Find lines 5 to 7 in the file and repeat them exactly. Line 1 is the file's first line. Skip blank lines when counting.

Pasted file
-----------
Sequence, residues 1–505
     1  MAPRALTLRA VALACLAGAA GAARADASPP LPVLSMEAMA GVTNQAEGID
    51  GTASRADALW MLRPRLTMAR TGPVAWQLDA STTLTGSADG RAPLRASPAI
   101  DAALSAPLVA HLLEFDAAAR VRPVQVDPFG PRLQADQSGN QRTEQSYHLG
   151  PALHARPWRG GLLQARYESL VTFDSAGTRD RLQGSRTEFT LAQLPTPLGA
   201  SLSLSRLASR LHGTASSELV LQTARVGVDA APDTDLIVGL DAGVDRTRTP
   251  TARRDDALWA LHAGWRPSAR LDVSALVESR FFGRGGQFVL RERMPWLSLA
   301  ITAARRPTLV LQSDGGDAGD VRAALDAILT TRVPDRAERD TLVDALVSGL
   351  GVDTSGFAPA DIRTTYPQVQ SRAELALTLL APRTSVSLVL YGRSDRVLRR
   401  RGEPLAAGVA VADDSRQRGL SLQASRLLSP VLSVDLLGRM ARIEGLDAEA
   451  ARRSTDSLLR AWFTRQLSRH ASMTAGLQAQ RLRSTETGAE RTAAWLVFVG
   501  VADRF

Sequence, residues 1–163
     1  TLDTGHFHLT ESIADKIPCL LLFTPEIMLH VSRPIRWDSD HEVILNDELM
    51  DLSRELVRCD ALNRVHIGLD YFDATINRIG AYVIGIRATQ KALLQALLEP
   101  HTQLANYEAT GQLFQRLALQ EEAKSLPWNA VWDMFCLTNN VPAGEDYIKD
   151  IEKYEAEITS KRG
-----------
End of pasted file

   151  PALHARPWRG GLLQARYESL VTFDSAGTRD RLQGSRTEFT LAQLPTPLGA
   201  SLSLSRLASR LHGTASSELV LQTARVGVDA APDTDLIVGL DAGVDRTRTP
   251  TARRDDALWA LHAGWRPSAR LDVSALVESR FFGRGGQFVL RERMPWLSLA